About Me

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I am a full-time mama with a passion for writing and talking to fascinating people. I live in a one horse town with a Cowboy and my son. Thank Lord for cyberspace! I lived a colourful life in Sydney for a number of years. Working in advertising and journalism for FPC and the Sydney Morning Herald. During my time in Sydney I competed in a Dragon Boat race, choreographed a dragshow, used the Share Accomodation advertisements as a way to meet men and was told by Noiseworks frontrunner Jon Stevens that I was a bitch! Then came the decision to move back to country for 3 months to help out my Father with newspaper business while he was having treatment. Convinced I was a city girl I was caught by surprise when I fell in love with a farmer (and no, he didn't want a wife... still doesn't it seems!) convinced him that we needed to see the world, popped off to Vietnam to teach english in Saigon - before realising that the "food" in Nam didn't agree with me... turned out to be Monte - my son who is now with the Cowboy and I back in country NSW! I am in a wonderful stage of my life where I am focusing on the things that really make me tick. Including writing these chronicles.

Wednesday, August 5, 2009

Sensory Overload in Hanoi

(Excerpts from 2008 Vietnam Diary - Cowboy and I headed over for "adventure" teaching English... fate had other ideas)

"...This morning, the grumble in my tummy informed me something was amiss, and day three of our Vietnamese adventure I entered the ranks of the 30-50% of visitors who get diarrhoea in the first couple of weeks.

In hindsight perhaps it was not the wisest idea to indulge in Grilled Snakes Head and Stomach with white sauce for lunch yesterday. But we are here for a new experience, and Vietnamese just don’t do Scotch Fillet very well.

Thank God for the semi normal loo in the hotel.

After only 3 days in Hanoi I confessed to Cowboy that I was not feeling at ease in the crazy city. I was constantly on high alert thinking I was either going to get hit by a motorbike or manipulated by a street kid – the constant honking of the horns took my insanity to new levels and I felt like I had PMS on steroids. My tummy gurgled and moaned… as did I…what a fabulous holiday companion I was making so far, what is with me ?????

With nothing to offer us a clue to what to do but our trusty Lonely Planet Guide I convinced Cowboy that we should leave this bustling city and head for the hills. North to Sapa.

We trapsed through the hectic streets in search of the train station– official men guarded government buildings – shop owners plucked things (lice?) from elders heads, small forlorn dogs took to the roads like seasoned traffic darters , and men leered on motorbikes at the two naive westerners .

Near the train station shops sold army and police uniforms – the low powerlines tempted fate in every direction. I was overcome with sensory overload.

It was a great turn of fate to discover a refuge in a French style, upmarket restaurant as we had hours to kill before our train.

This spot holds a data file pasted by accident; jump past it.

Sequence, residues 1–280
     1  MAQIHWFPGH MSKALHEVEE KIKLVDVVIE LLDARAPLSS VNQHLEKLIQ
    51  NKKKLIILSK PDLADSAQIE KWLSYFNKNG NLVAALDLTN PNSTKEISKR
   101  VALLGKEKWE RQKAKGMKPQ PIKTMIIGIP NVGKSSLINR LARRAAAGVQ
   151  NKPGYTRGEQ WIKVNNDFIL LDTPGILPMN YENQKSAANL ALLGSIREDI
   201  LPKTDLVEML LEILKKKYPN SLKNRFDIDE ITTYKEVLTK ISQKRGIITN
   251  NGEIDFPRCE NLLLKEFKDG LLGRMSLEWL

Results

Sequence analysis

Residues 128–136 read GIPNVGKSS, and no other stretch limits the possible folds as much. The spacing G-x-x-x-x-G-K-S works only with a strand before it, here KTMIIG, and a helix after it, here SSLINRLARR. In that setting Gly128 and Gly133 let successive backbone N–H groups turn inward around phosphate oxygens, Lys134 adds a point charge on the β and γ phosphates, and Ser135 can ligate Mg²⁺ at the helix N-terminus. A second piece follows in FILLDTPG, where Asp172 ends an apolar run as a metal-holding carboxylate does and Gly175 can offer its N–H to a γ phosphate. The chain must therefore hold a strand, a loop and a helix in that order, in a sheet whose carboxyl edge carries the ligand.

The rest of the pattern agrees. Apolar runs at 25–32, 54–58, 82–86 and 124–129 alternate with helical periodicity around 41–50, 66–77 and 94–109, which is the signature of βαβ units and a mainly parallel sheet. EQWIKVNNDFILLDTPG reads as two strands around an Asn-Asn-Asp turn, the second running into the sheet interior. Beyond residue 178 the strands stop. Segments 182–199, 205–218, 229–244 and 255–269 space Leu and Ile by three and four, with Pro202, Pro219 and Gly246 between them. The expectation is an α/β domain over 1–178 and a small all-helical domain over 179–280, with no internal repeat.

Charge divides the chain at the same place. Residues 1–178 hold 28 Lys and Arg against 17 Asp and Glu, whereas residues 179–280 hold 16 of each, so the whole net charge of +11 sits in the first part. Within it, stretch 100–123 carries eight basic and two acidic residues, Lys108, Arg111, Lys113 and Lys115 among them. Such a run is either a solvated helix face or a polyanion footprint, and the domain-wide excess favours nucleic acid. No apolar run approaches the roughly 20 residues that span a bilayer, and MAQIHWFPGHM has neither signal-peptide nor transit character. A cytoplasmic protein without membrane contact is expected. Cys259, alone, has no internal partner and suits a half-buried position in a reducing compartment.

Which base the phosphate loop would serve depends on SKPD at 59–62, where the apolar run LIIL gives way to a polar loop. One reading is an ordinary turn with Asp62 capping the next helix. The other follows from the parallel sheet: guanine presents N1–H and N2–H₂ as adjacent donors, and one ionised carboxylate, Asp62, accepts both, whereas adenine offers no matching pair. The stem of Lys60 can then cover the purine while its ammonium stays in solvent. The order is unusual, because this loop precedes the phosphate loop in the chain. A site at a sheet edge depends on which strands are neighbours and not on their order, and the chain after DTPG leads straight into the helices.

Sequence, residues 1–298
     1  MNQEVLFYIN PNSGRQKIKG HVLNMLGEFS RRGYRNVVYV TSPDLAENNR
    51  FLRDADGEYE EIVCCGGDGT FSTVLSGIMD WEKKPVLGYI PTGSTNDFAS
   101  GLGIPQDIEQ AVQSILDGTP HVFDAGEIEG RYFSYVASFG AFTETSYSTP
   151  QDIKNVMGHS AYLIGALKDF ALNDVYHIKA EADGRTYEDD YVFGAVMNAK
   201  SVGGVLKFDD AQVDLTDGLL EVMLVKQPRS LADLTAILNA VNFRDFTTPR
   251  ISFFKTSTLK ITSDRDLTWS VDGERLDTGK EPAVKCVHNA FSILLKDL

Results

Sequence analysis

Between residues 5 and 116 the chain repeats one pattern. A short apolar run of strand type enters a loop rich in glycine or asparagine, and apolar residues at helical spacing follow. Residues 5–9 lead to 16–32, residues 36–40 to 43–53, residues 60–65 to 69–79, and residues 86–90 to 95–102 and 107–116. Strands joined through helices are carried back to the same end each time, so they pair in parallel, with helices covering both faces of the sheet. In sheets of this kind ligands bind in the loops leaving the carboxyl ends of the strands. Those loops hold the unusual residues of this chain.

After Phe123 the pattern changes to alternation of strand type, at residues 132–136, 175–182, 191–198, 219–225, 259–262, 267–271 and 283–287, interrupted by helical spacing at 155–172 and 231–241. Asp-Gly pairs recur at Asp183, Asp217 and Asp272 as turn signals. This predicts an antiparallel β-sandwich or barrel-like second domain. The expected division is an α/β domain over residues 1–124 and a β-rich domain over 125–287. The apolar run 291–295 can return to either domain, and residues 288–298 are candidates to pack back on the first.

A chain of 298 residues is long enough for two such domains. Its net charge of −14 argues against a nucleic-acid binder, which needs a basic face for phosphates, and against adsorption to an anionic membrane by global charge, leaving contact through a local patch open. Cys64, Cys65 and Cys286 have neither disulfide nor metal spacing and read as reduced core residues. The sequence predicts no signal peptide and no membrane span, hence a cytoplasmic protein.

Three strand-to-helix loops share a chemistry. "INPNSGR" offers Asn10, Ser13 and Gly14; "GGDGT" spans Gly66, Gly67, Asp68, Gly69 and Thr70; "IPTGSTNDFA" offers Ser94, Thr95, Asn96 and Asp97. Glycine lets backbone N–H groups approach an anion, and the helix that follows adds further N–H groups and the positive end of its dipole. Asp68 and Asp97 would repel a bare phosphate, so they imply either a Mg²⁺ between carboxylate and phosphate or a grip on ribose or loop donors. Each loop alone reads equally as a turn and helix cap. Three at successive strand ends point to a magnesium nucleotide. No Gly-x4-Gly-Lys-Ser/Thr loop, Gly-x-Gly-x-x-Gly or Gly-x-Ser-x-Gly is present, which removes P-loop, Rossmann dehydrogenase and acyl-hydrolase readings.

Our waiter was dead keen to converse with us. We had a lovely time talking with Chin who helped us perfect some basic Vietnamese and we helped him with English. It was the calm before the storm that is Hanoi Railway station.

No two ways about it, Hanoi Railway Station is a nightmare. And as lovely as everyone says the people of Vietnam are - those people weren't hanging at Hanoi Railway station on this particular day.

As we walked through bearing the burdens of our luggage, the locals seemed to be secretly (or not so secretly) watching and laughing at us as though we had toilet paper stuck to our bottoms or something.

We tried desperately to find the place to get our tickets. A woman suffering from severe job discontentment grunted at us and was of no assistance. It seemed no-one cared if we made our train or not.

Suspicious youth followed us around trying to take advantage of our cluelessness. Cowboy indulged them as they tried to make a quick buck. Having what I thought was a little streetwise ability I barked orders at the Cowboy “ Don’t listen to him! He doesn’t work here! Walk FAST , ignore them!”

It was all on. Cowboy and I vs Hanoi –we were fighting a losing battle.

After trudging around with the entire train station laughing at us rudely - We FINALLY figured out we had to be on the other side of the platform. Getting to the correct side involved trudging a long way with our bags through hectic streets filled with mangy dogs, people cooking in the gutter, and the severe stench of urine and rubbish. It was enough to make me bring up my french cuisine.

People shamelessly starred at us as we struggled through the calamity finally arriving at our side of the train station.

We were playing a human version of space invaders with everyone out to get us, our only hope was to avoid the shots being fired to make it to the next level! But goddamn, I wish I didn't feel so ill.... the toilet on the train is not a place I want to be visiting too often......"

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